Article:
Getting Schooled

at

school

Anything good in The Guardian this week?

“Irish law allows state-funded schools to turn away children and discriminate in enrolment on the basis of religion. Section 7(3)(c) of the Equal Status Act 2000 states that schools operated by religious institutions can favour children of their own denomination in enrolment – despite the fact they are entirely funded by taxpayers. In Ireland, about 90% of primary schools are controlled by the Catholic church (most of the remainder are under the patronage of other religious institutions), so this can fairly and accurately be called the “Catholics first” law – though in my experience most Catholics, including my close friends and relatives, consider it repugnant….”

Ireland’s ‘Catholics first’ school enrolment makes dads like me despair (Paddy Monahan, Guardian)

Instead of starting school last month, Reuben Murphy found himself back in his Dublin nursery for another year as his mother, Nikki, re-embarked on her quest to find a place at a local state primary for her four-year-old son.

She has already applied to 15 schools. But, following rejections from nine last year, Murphy is far from confident that a place will be found for Reuben. In a country where more than 90% of state schools are run by the Catholic church, unbaptised children like him are at the bottom of their admissions lists.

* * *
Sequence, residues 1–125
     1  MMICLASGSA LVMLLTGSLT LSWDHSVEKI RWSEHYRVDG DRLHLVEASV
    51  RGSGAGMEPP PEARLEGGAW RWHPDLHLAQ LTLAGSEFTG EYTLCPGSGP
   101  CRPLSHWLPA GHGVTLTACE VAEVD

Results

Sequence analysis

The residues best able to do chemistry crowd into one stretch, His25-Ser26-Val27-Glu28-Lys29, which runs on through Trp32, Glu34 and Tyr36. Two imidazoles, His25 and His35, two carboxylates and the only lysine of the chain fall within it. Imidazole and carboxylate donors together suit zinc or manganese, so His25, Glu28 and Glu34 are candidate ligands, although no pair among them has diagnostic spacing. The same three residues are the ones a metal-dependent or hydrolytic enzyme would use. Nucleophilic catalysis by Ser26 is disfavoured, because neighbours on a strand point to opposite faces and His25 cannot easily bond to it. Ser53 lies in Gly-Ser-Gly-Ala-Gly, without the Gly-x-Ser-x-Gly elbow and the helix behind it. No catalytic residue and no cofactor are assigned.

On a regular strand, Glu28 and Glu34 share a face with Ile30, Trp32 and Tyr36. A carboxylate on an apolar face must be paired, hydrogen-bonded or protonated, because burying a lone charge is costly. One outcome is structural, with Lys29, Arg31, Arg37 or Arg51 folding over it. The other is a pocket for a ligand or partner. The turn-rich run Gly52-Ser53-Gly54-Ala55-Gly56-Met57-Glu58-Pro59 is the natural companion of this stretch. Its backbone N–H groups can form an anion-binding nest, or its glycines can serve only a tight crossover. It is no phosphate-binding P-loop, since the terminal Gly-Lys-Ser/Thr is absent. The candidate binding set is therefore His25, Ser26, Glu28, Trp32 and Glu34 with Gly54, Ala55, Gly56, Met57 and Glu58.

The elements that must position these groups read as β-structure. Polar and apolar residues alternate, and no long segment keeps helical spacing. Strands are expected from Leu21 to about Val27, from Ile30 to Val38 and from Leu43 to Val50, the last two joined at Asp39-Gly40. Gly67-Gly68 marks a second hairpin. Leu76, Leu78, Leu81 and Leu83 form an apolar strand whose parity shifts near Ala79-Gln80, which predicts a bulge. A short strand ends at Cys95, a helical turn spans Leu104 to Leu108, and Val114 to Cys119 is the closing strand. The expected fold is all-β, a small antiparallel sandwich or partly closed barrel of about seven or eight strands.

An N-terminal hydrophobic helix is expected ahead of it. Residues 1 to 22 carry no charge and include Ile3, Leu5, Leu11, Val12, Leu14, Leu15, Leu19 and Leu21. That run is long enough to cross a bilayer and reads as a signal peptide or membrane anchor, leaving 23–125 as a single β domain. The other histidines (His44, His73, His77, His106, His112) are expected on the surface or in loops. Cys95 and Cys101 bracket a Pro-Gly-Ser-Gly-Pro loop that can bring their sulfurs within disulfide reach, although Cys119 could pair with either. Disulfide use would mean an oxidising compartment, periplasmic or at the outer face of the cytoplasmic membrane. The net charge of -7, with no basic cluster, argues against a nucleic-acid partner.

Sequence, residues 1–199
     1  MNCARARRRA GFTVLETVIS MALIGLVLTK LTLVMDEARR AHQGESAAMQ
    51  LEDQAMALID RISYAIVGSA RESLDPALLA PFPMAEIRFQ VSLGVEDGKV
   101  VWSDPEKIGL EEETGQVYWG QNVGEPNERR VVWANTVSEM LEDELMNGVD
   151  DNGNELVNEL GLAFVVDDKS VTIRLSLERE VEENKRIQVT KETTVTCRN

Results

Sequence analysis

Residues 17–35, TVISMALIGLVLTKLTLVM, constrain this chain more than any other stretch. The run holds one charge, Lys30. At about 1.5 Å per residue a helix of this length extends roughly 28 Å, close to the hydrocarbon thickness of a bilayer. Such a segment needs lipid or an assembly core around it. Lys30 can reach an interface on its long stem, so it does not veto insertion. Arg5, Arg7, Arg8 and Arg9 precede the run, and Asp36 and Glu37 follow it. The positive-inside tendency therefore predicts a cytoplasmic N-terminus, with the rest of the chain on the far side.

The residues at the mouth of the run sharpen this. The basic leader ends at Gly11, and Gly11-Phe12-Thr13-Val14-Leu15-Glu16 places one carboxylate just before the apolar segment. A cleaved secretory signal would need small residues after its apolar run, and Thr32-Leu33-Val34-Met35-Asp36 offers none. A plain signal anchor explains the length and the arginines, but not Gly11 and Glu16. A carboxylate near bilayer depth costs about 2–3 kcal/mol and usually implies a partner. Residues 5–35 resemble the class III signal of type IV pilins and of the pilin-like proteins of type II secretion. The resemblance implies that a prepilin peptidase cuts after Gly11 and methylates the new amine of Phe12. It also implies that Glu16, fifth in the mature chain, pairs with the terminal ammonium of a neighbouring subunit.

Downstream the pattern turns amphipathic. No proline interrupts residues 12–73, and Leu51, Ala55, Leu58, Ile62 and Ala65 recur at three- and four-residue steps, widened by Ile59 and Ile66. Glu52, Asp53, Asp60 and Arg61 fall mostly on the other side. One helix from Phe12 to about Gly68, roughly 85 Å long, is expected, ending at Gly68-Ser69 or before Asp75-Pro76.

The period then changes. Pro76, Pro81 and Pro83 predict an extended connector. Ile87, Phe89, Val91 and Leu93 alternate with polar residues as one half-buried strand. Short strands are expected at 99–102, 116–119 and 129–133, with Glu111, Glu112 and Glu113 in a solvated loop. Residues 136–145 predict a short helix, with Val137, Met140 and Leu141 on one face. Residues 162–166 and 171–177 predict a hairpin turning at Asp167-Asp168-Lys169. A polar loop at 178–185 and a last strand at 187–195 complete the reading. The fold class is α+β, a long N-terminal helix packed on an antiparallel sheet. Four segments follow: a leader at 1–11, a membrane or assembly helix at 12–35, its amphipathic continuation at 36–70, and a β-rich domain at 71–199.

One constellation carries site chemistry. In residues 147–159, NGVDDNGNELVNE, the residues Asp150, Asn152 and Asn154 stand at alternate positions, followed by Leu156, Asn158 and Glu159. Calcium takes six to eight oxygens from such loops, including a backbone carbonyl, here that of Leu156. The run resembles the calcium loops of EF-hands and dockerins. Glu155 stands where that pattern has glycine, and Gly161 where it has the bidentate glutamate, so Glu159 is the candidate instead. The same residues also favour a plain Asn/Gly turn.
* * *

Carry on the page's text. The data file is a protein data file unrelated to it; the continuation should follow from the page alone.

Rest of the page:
No baptism, no school: Irish parents fight for equal access to education (Harriet Sherwood, Guardian)

Previously: Educate Apart

(RollingNews)

Alternatively…

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Oh.

Thanks Richard T

43 thoughts on “Getting Schooled

    1. scottser

      the EU have their eye on removing barriers to trade. they’d see charging for education a great way to resolve the issue of discrimination.

  1. Mr. T.

    I think anyone working for a state body or one funded by state should be fired for making a decision based on religious allegiance over and above the state’s duty to the citizen.

  2. Iwerzon